Do Natural Resource Districts Covet Your Land?

Since when does government know how to run your business? This is a question I find myself asking in the wake of the state Natural Resource Districts’ most recent attempt to stick it to farmers and landowners by proposing a statutory change to a law that has served us well over the last 28 years. While you are obviously familiar by now with some of the more underhanded actions taken by the Papio-Missouri River NRD board, the state NRDs appear to be following suit. Unpalatable enough that the Papio NRD is firmly ensconced in the pockets of developers, apparently the state NRDs also may want to give developers a piece of the pie by seizing your property through extraordinary measures.

As onerous governmental requirements continue to expand, the NRDs yearn to reduce funding for required conservation practices.  At the September NRD directors meeting, it passed a resolution approving the issuance of cease and desist orders on landowners and farmers they believe have ephemeral and gully erosion. If the state’s NRDs gain the ability to issue cease and desist orders, they can force property owners to take their land out of production. Just as alarming, the NRDs also could build approved conservation structures and bill the landowner for the project’s full cost. If the landowner refuses to pay for these structures out of his savings, property liens could result, with government seizure and subsequent auction of  land.

Washington County, the area I have the privilege of representing as an NRD director, leads the state in implementing conservation structures.  40 % of the entire total of terrace systems constructed in the State of Nebraska over the past 10 years lies in Washington County. These landowners and farmers should be commended for their prescience with regard to soil and water conservation. In 1938, Washington County became the first county in the state to form a conservation district, while Burt County was the first county to form a drainage district. The culture of conservation and land improvements in my area passes down from generation to generation. With NRDs only wanting to provide lip service rather than financial assistance for conservation and land improvements,  NRD objectives need to be reformed and priorities reestablished.

This summer, numerous property owners in my area received letters from the NRCS stating that it had found small amounts of ephemeral and gully erosion. As a result, landowners must now implement approved NRCS conservation practices or risk losing their FSA farm payments – even though these same property owners have spent tens of thousands of dollars performing conservation practices, while the Papio-Missouri River NRD has continued to cut funding and refused to provide farmland improvement assistance. Shockingly, the NRCS is following up on “anonymous” complaints.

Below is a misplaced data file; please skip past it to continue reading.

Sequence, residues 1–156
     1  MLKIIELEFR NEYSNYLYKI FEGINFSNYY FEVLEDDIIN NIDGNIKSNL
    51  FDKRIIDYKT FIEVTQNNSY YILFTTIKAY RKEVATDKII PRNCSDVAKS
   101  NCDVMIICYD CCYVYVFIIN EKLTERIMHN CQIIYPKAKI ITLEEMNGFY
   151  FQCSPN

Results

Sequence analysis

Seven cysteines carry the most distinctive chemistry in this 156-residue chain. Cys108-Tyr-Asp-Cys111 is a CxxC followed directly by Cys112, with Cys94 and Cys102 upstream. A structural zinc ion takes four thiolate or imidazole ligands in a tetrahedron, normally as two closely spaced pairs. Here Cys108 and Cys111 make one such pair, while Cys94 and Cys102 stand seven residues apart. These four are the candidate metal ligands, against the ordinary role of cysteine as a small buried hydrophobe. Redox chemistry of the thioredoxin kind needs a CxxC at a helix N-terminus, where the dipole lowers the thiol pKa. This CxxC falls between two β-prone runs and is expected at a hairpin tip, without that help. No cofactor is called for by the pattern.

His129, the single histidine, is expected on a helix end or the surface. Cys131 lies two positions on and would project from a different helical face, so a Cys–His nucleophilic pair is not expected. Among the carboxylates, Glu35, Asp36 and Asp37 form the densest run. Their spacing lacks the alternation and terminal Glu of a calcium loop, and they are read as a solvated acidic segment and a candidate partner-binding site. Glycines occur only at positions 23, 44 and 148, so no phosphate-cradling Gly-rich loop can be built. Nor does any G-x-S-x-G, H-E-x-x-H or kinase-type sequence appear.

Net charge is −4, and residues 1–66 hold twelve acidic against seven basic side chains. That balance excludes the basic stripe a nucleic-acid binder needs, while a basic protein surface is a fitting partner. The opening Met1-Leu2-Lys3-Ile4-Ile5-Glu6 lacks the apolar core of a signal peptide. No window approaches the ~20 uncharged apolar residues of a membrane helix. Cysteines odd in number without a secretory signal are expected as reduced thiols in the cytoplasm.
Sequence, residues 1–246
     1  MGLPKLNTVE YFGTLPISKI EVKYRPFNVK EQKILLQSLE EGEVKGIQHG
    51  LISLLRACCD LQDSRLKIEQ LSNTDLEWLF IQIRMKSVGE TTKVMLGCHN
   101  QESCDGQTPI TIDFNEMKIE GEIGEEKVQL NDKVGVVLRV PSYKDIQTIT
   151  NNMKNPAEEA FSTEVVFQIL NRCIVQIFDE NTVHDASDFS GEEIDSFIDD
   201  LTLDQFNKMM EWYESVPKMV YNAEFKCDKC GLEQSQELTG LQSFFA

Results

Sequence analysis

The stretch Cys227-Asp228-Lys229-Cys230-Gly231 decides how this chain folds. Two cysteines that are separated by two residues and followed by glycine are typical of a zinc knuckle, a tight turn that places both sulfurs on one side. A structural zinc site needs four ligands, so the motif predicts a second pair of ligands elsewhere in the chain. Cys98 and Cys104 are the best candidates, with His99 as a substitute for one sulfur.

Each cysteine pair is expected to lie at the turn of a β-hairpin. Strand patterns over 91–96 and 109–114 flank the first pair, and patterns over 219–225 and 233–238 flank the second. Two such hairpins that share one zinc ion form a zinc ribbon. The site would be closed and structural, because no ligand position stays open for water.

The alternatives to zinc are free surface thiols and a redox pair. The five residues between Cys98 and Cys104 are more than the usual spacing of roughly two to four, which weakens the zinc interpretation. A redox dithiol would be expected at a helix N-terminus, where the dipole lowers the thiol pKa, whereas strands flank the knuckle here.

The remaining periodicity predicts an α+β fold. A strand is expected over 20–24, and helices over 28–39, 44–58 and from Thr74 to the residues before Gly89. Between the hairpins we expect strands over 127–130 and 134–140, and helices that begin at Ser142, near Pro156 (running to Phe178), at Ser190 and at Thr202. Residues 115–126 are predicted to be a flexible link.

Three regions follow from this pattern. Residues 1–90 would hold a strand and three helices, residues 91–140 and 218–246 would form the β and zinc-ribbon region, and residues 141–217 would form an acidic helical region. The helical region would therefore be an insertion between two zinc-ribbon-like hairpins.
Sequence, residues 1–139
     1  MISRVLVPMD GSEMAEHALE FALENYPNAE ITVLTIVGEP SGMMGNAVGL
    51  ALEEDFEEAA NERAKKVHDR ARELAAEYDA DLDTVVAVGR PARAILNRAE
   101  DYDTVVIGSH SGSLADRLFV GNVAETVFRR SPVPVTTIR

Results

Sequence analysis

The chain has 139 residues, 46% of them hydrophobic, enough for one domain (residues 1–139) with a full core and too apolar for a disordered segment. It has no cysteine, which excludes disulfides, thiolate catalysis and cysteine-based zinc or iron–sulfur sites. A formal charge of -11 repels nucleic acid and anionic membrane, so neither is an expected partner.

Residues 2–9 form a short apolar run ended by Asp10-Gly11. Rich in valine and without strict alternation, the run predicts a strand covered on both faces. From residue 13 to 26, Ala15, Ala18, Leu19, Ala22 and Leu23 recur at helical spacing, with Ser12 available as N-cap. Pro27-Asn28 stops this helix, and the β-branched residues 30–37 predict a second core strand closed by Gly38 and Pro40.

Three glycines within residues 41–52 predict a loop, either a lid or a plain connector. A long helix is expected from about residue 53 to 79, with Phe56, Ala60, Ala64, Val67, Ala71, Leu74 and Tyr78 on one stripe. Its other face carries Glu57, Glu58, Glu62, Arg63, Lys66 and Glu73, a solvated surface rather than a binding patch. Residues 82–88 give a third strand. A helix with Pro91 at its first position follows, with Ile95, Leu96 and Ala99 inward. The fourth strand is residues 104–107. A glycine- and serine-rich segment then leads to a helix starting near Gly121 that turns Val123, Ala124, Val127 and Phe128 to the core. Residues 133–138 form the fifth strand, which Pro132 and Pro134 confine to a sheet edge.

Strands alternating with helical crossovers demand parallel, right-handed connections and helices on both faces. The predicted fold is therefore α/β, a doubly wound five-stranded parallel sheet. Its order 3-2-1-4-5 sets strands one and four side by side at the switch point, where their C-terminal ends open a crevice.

Additionally, it’s stupefying that this state’s NRDs want to change the law to shirk their mandated fiduciary obligation to landowners and farmers. NE Code § 2-4610, for example, specifies that, “If there is not available to any owner or operator at least ninety percent cost-sharing assistance for the installation of permanent soil and water conservation practices which are required in an approved farm unit conservation plan or are required to conform agricultural, horticultural, and silvicultural practices to the applicable soil-loss limit, any such owner or operator shall not be required to install such practices pursuant to the Erosion and Sediment Control Act until such cost-sharing assistance is made available.” The NRDs, if they have their way, would ostensibly introduce an added hardship on property owners by eliminating all cost-sharing assistance as it pertains to permanent soil and water conservation practices.

I strongly support soil and water conservation but, when our state mandates land requirements with respect to ephemeral and gully erosion, it should also do its part by providing funding for such projects – especially in this case where public benefits are myriad. Nevertheless, the fact of the matter is simply that the NRDs do not want to pay for their share of the required water and soil erosion conservation practices presently delineated in both their mission statements and in current state statutes.

I find it somewhat odd that landowners located within a Papio-Missouri River NRD damsite received letters from the NRCS concerning their property. Just what is the endgame here? Is the proposed resolution meant to be a new form of harassing landowners and farmers by which a governmental agency devalues, and ultimately seizes, private land for the purpose of selling it to some of our friendly neighborhood developers at bargain-basement prices? Or, is the proposed resolution more intricately related to the 500,000 acres that the state NRDs want to take out of production in the Platte River Basin starting in 2019? In either case, property owners need to be cognizant of the NRDs’ machinations – their future may depend on it.

Scott JappPapio-Missouri River NRD Director                                                  papiomrnrd46.doc.  10-13.


Previous post:

Next post: